7. They don’t feel they’re in competition with others.
They focus on becoming better than they were yesterday and don’t get sucked into comparing themselves with anyone else. They welcome competition when it presents itself, but view it as an opportunity to push themselves and improve, not as a chance to establish dominance.
8. They’re not afraid to take a stand.
Taking a stand by definition means you’ll stand out, which isn’t for everyone. But it is for the highly confident, who know that authenticity trumps approval. They want results, not reassurance. If their stand invites dissent, so be it and we’re all better for it, say the self-assured.
9. They don’t shy from failure and setbacks.
Highly confident leaders view adversity as what creates success, not what prevents success. The most confident leader I ever worked for felt she was failing if she didn’t fail. She had enough belief in herself to know she was bigger than any mistake she made.
10. They don’t pummel themselves with negative self-talk.
The self-assured don’t obsess over whether they’re good enough. They know they’re good. And that’s enough. They don’t feel the need to be perfect and beat themselves up when they fall short of perfection. They adopt an acceptance and recovery mindset when they don’t succeed.
11. They don’t spread negative energy.
When negative people project their unhelpful vibe into the universe, it’s often a cover up. They don’t feel good about themselves or something in their life and so want to project that sentiment elsewhere. Confident people aren’t having it, because they don’t need to build themselves up by tearing other people or things down.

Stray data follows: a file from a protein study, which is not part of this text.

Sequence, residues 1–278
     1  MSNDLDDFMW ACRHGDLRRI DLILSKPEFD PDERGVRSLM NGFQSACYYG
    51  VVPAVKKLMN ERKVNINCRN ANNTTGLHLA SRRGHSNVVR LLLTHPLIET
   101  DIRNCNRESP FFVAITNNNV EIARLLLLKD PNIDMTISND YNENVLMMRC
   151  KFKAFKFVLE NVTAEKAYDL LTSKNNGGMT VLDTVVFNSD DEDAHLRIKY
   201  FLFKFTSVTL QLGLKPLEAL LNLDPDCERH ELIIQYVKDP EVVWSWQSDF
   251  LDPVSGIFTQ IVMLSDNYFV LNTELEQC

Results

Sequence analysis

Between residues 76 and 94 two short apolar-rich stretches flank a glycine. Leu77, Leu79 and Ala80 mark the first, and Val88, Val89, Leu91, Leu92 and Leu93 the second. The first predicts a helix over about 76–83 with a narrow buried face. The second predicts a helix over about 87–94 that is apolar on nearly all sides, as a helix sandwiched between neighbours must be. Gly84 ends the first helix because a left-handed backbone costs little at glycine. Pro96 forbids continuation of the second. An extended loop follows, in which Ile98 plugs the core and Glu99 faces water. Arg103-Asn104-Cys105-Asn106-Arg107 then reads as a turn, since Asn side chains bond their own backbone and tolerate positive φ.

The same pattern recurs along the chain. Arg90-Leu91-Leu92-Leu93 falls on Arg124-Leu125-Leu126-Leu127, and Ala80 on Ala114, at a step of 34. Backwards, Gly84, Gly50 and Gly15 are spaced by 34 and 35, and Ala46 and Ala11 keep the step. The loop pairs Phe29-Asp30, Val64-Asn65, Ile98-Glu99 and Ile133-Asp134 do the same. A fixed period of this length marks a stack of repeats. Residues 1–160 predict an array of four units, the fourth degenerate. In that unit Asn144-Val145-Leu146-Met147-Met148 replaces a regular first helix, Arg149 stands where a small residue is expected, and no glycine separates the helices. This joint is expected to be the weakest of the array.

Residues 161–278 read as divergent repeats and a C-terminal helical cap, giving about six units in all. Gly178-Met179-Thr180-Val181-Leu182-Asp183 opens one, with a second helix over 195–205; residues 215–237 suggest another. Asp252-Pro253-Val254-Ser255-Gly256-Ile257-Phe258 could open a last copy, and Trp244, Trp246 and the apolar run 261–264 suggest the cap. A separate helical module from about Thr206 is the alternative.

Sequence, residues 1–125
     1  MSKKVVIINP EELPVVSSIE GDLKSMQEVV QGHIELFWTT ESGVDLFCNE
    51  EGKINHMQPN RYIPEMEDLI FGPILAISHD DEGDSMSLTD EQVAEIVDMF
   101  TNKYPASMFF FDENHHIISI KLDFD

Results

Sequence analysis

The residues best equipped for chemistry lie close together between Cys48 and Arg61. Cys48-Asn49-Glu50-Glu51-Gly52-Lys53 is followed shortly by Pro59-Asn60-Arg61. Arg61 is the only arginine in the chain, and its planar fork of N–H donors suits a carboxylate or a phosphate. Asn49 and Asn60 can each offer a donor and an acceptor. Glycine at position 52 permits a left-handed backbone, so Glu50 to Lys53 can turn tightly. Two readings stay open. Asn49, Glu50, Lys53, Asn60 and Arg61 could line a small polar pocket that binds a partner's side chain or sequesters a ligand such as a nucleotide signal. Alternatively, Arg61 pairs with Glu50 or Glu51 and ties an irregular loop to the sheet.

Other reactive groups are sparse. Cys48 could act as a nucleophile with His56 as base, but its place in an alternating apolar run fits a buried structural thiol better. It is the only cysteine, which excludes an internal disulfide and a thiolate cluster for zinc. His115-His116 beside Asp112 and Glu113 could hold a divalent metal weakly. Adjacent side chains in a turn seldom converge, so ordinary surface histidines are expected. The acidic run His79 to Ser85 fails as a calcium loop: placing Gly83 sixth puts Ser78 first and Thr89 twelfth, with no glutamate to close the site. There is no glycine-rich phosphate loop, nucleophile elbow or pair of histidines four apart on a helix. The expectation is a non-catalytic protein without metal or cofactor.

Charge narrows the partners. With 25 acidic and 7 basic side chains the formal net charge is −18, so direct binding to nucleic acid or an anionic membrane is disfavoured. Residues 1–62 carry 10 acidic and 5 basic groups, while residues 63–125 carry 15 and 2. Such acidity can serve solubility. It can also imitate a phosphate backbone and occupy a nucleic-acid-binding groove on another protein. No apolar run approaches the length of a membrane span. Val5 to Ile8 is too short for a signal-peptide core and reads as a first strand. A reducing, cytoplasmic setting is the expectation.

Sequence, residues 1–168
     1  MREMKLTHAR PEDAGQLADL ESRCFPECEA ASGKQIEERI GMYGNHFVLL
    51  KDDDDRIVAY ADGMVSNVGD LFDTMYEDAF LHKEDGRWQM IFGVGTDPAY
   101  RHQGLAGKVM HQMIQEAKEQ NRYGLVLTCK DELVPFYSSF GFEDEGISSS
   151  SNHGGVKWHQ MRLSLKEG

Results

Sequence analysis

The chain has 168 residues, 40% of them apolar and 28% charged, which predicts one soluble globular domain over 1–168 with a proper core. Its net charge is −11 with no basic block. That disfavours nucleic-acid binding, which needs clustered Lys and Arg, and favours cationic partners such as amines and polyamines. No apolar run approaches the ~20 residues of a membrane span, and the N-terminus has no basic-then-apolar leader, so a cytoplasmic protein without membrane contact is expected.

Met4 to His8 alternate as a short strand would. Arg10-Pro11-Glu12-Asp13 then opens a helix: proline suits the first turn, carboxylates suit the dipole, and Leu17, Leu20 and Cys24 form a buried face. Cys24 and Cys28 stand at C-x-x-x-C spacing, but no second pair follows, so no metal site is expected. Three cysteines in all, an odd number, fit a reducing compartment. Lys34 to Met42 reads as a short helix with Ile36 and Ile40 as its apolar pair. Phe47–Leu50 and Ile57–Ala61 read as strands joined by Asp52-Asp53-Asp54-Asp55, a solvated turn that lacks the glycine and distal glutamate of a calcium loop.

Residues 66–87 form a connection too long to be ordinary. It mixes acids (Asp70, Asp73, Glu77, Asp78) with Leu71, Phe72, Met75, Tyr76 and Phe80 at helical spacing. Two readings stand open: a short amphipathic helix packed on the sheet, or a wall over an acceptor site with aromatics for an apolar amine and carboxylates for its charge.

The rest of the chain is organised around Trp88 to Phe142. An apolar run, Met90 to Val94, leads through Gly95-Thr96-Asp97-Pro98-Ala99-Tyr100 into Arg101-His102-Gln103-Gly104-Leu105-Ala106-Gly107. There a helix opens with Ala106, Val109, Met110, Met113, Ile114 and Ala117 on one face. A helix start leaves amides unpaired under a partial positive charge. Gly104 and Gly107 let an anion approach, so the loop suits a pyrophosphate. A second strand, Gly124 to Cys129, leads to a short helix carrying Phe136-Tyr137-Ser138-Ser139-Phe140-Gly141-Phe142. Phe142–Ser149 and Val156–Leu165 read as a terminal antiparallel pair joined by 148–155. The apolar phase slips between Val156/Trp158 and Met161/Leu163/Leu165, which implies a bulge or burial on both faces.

12. They don’t talk only about themselves.
Does anything smack more of insecurity than when someone feels compelled to make it all about themselves all the time?
13. They don’t do the easy thing by doing everything.
They don’t worry about covering their bases or asses. They focus on what matters and are happy to take criticism for de-prioritizing the rest.
14. They don’t require permission to act.
They know that homebuilders need permission to act, but business builders don’t. They’re not disrespectful of authority. Rather, they’re respectful yet autonomous.
So tear down these behaviors to build up the self-confidence you exude.
Scott Mautz is the author of Find The Fire: Ignite Your Inspiration and Make Work Exciting Again. He’s also an award-winning keynote speaker and a seasoned Procter & Gamble veteran who successfully ran several of the company’s largest multibillion-dollar businesses. He’s the CEO of Profound Performance, an online entrepreneur, and an adjunct professor at Indiana University. Scott writes and speaks passionately on how to work, lead, and live fulfilled. Learn more about him and subscribe to a high-value stream of free content at his website.
How was it? Save stories you love and never lose them.
This post originally appeared on Inc. and was published December 8, 2019. This article is republished here with permission.
Did you enjoy this story?Get Inc.’s daily newsletter